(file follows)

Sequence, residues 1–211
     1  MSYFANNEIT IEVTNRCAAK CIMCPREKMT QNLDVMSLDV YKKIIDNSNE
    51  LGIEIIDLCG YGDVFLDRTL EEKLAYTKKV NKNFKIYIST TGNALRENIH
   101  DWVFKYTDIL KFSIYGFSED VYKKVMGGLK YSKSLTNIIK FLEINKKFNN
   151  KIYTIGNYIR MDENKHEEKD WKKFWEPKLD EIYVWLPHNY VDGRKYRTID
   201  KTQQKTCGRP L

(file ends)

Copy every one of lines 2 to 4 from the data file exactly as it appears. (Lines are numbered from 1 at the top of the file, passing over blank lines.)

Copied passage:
     1  MSYFANNEIT IEVTNRCAAK CIMCPREKMT QNLDVMSLDV YKKIIDNSNE
    51  LGIEIIDLCG YGDVFLDRTL EEKLAYTKKV NKNFKIYIST TGNALRENIH
   101  DWVFKYTDIL KFSIYGFSED VYKKVMGGLK YSKSLTNIIK FLEINKKFNN